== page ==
Please note that this recipe may contain other allergens not referred to above and any variations suggested have not been tested unless otherwise stated. For more information regarding any dietary information provided on this website, please refer to my Nutritional Disclaimer.
I’m a very big fan of getting ahead with gravy, especially when making a meal with lots of elements. You can make this onion gravy several days ahead if you prefer.
And it does freeze well if needed. Make sure it is fully cooled before bagging or storing in an airtight container to go in the fridge or freezer. It is best to let frozen gravy defrost before reheating.
You can reheat the gravy in the microwave or in a pan on the stove. Make sure to keep checking and stirring it. Chances are you will need to add a bit of extra liquid. You can add more stock if you have it to hand but water is just fine. Make sure to check the seasoning again before serving.
More often than not, I will simply make this an hour or two before I’m planning on serving the meal. I’ll just set it to one side and then put back on the heat 5 or so minutes before wanting to serve.
Leftover Onion Gravy
Leftovers can be stored or frozen in exactly the same way as if you’re making the gravy in advance. And can be reheated in exactly the same way.
If you want to use the gravy in a way that isn’t just as a sauce, consider thinning it down with more stock and serving it as a soup. You can either serve it as it is with some buttered crusty bread. Or add toppings like crumbled crispy bacon, shredded leftover chicken or vegetables.
To take that one further, you can add vegetables/potatoes/meat and cook as a stew/casserole.
Simple Onion Gravy Tips
If you’re not a fan of chopping onions, use the slicing disc on your food processor if you have one (I highly recommend having one).
Using a wider shallower pan rather than a deeper saucepan will help the onions to cook more quickly. This is because the larger surface area with direct heat is always going to cook things more quickly.
Don’t forget to let me know in the comments if you try making this recipe – I want to know what you think and if you made any substitutions, how did it turn out?
Still Have Questions?
Simple! Just contact me and I will do my best to help as quickly as I am able. Head over to my Contact Me page, any of my social media channels or post a comment at the bottom of this page and I’ll see what I can do.
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More Saucy Recipes
Simple Onion Gravy Recipe
- 300 g Onion - see notes
- 25 g Salted Butter
- 1 tbsp Vegetable Oil
- 2 tsp Sea Salt Flakes - plus more to taste
- 150 ml Water
- 4 tbsp Plain Flour (All Purpose)
- 700 ml Stock - see notes
- 3 tbsp Sherry - see notes
- Top, tail, halve and peel 300g Onion. Use a sharp knife to finely slice the onion into half moons.
- Add the onion to a large frying pan along with 25g Salted Butter, 1 tbsp Vegetable Oil and 2 tsp Sea Salt Flakes.
- Cook over a medium high heat for 3-4 minutes – until the butter has melted and the onions have just started to take on a feint hint of colour. You don't need to stir constantly but do move everything around the pan with a spatula, especially while the butter is melting.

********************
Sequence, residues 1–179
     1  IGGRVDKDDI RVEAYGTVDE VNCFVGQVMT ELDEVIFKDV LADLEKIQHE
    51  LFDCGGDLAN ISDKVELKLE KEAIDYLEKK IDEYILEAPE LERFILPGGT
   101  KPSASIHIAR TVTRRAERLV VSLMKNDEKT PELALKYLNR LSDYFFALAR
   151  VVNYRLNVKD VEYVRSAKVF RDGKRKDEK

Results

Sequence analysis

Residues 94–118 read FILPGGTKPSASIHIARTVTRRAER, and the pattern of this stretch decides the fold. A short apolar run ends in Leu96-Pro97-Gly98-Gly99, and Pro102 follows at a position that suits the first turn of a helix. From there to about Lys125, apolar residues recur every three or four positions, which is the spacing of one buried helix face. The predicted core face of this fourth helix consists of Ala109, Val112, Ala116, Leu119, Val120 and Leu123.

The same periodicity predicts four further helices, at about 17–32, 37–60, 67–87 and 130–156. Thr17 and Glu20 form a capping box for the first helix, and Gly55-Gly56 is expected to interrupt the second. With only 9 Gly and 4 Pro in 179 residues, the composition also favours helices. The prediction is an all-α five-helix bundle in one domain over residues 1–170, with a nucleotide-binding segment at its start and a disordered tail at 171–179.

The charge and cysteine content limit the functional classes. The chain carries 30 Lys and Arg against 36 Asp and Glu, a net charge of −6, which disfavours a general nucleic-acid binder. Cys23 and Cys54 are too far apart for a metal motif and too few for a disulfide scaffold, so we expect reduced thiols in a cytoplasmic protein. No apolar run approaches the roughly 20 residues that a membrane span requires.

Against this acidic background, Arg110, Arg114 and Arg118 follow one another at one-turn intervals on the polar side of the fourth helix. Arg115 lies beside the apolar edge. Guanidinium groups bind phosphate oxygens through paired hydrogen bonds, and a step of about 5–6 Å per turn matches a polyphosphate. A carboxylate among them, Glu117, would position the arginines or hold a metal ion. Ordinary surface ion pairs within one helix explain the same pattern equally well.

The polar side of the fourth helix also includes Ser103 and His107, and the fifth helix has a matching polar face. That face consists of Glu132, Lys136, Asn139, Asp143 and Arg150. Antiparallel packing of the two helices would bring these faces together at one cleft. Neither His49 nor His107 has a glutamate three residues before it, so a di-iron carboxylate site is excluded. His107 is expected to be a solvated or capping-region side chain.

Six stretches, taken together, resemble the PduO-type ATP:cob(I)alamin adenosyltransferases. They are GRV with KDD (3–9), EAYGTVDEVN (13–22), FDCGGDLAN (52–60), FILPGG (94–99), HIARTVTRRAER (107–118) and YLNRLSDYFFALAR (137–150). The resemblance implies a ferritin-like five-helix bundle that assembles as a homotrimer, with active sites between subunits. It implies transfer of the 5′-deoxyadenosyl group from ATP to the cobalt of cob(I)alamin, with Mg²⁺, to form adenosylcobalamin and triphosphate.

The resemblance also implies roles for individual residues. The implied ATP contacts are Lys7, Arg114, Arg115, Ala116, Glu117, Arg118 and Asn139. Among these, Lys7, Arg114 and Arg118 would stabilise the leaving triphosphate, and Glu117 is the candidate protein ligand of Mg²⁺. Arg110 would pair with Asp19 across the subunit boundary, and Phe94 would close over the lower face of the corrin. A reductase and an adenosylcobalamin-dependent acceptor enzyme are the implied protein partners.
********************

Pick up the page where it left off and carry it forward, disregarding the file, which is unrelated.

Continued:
- Add around 150ml Water and allow the water to bubble away gently until it has all dissolved – this will take around 5 minutes. The water helps the onions to soften more quickly.
- Once the water has evaporated, allow the onions to continue cooking on a low heat for around 10 minutes until they are golden and soft. Again stir periodically. If anything starts to stick or looks overly dry, add another splash of water.
- During this time, prepare and heat 700ml Stock. Heat prepared stock in the microwave or in a pan. Or make up stock from a cube or stock pot using boiling water from the kettle.
- Add 3 tbsp Sherry to the onions and allow to cool away for a minute or two.
- Add 4 tbsp Plain Flour to the pan.
- Stir thoroughly. The mixture will look ugly but this is to be expected.
- Add around ¼ of the hot stock to the pan and stir in.
- Again it will look ugly and thick but this is the opportunity to make sure that there are no lumps of flour in the sauce. Stir well and use the spatula to press out any lumps.
- Add the remaining stock. You can do this is stages if you prefer.
- Mix until everything is well combined and the gravy is smooth (with the exception of the onion).
- Allow to simmer for around 5 minutes.
- If you want a smooth sauce, you can blend the gravy at this point.
- Taste the gravy and add any additional Sea Salt Flakes until it is seasoned to your preference. Don't be shy, gravy should be tasty and can take a lot of salt.
- If the gravy is on the thick side for you, stir in some boiling water. If it is thinner than you want, continue to simmer until reduced to how you like it.
- Decant to a jug for serving or spoon directly onto your meal.
- Onions – You can use white/brown or red/purple onions as you prefer. The latter will give you a slightly sweeter gravy.
- Stock – Use the stock that matches what you are serving the gravy with. Beef is the most common, especially if serving with sausages, etc. Chicken will give a lighter flavour. For vegetarian gravy use a vegetable or mushroom stock.
- Sherry – Dry sherry, white port or Shaoxing rice wine will all provide a similar flavour. Substitute with white or red wine if desired but I suggest also adding 2 tsp Sugar. Red wine will make a richer gravy than white so choose accordingly. Regular port will also make a rich gravy with no extra sugar required. If you don’t want to use alcohol, simply skip that step.